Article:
Constraints and Experiences

Ashraf Bader Othman investigates, in the fourth chapter, the outline of the Israeli strategy against the boycott movement, which benefited from both international and Palestinian shortcomings and the almost complete absence of an Arab or Islamic institutional role.

In the fifth chapter, Abu Bakr Abdelrazek and Roba Al-Olona aim to measure the extent of the economic boycott in the 2012 and 2014 wars in Gaza, and its impact on the Palestinian private sector. They also investigate how the boycott took shape, its evolution in the popular consciousness, and its impact on the establishment of a Palestinian national economy.

Mona Awadallah goes on to look at the boycott campaigns in Jordan in the sixth chapter. She uses research gathered from 13 interviews with activists who either led or participated in campaigns against normalization in Jordan. She pointed out that despite the multiplicity of anti-normalization campaigns, there is a significant decline in its activity in general, due to declining freedom in the country, and exposure of activists to legal measures.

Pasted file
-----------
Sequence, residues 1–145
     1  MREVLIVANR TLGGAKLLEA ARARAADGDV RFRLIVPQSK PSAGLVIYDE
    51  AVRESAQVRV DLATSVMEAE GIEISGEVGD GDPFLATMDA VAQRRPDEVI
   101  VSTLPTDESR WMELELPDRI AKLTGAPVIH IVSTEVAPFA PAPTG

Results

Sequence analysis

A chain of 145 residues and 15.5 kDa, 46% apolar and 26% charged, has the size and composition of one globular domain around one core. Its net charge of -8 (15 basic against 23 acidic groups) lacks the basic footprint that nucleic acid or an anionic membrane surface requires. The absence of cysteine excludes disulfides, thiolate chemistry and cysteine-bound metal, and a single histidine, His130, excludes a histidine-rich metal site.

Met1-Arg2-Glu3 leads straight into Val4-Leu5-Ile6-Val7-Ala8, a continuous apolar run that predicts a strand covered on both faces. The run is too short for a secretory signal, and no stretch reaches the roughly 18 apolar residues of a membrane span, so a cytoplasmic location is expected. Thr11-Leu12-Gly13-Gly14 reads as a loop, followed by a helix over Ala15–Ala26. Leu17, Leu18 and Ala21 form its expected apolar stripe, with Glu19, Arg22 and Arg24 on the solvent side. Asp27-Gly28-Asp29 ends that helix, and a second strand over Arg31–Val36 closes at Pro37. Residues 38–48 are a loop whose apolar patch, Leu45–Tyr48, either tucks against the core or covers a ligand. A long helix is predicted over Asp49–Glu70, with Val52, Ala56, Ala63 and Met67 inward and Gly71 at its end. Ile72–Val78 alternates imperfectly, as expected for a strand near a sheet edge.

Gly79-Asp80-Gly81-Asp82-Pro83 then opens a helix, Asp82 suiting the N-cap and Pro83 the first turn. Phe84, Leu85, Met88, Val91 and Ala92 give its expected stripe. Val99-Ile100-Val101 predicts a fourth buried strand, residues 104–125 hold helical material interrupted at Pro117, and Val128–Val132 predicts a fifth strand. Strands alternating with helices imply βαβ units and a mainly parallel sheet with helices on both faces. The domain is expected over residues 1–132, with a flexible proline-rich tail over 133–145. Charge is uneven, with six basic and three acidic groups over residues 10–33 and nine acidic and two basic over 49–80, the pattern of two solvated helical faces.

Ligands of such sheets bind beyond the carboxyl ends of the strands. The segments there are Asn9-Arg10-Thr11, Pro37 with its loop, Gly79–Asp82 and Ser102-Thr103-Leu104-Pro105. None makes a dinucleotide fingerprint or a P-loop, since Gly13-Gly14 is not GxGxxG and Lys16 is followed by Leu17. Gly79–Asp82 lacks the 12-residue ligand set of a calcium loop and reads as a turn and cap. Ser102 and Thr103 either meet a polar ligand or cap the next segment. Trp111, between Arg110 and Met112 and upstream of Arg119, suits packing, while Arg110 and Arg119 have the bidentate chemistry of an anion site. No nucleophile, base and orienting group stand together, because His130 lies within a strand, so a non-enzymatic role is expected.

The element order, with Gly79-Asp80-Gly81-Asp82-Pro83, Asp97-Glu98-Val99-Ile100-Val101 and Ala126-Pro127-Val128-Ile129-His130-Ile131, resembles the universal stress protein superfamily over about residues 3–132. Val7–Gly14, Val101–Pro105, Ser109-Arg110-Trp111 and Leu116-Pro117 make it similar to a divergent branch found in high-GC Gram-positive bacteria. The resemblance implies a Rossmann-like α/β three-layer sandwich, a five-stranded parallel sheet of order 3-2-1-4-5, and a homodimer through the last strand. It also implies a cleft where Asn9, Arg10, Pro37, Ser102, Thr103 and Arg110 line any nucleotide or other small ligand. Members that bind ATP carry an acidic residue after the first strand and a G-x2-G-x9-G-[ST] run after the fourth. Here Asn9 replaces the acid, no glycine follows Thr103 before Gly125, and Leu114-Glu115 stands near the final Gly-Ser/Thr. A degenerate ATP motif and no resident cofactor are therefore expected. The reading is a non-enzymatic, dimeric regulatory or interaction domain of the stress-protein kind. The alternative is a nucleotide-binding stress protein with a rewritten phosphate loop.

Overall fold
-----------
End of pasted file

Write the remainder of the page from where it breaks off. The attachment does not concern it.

In the next chapter, Rashid Isa Al-Jassim offers a historic presentation of the boycott in Bahrain, based on the Bahraini archives and field interviews. He believes that this provides a better understanding of the mechanisms and roles used by Bahrainis in the influence and formation of public opinion and decision-making, and how diverse groups come together to activate the boycott as a supportive weapon of the Palestinian cause.

From South Africa to Europe

Stephen Freeman discusses the key factors of South Africa’s defeat of the apartheid regime in chapter eight. He looks at the successes of the boycott campaign and how the Palestinians can benefit from this experience. He frames the struggle as a campaign for human rights and a creation of a relationship between local resistance and the international solidarity movement.

In the ninth chapter, Osama Abu Arshid discusses the Zionists attempts and methods to delegitimize the boycott movement in the United States. He sheds light on the growing sympathy towards the Palestinians in the US, prompting the Zionist lobby to try to pass laws in the states, infringing student work through administrative tools, and repressing any boycott advocacy.